The widow of a man crushed to death under a ski elevator has been denied half her workers’ compensation death benefits on the basis of her his legal cannabis use, as reported by the Associated Press.

In Colorado, the law states that workers compensation agencies may slash benefits by up to 50% if the worker tests positive for any controlled substances. Though cannabis is very legal in Colorado, it is still a “controlled substance” at the federal level and companies such as those in the workers’ compensation business are free to interpret the category however they wish.

In this case, Erika Lee has been denied half her compensation benefits by the state-affiliated workers’ compensation agency Pinnacol Assurance. Her husband Adam Lee was working on as an electrician, repairing a ski elevator at a resort in Loveland in December 2016 when he was killed. A toxicology report conducted after his death showed marijuana in his system.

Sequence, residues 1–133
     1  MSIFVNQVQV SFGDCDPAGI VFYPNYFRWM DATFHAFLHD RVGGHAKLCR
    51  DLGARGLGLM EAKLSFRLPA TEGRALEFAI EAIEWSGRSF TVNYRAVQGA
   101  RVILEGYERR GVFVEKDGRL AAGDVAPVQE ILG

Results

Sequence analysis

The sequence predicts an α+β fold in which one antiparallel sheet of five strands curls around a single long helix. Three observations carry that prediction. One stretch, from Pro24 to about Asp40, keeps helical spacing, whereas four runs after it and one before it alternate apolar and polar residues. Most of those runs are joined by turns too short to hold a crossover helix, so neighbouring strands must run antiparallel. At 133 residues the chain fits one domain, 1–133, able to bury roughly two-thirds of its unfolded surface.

Unlike alcohol or many other impairing substances, marijuana can stay in a person’s system for days or even weeks after its intoxicating effects have disappeared. There is no no indication that Adam Lee was impaired at the time of the accident or that the accident was in any way related to his cannabis use. In effect, he is being punished for indulging in a legal, socially acceptable activity in his off hours (how many people at a ski resort in Colorado don’t have cannabis in their system?).

Erika Lee told KMGH-TV, “I am frustrated with the system that is saying because he smoked a legal substance, we are going to take away your benefits from you and your kids.”

The widow said she intends to appeal Pinnacol’s decision. There will be a hearing on the matter before an administrative law judge in the next few months.

Photo via Flickr user Topu Saha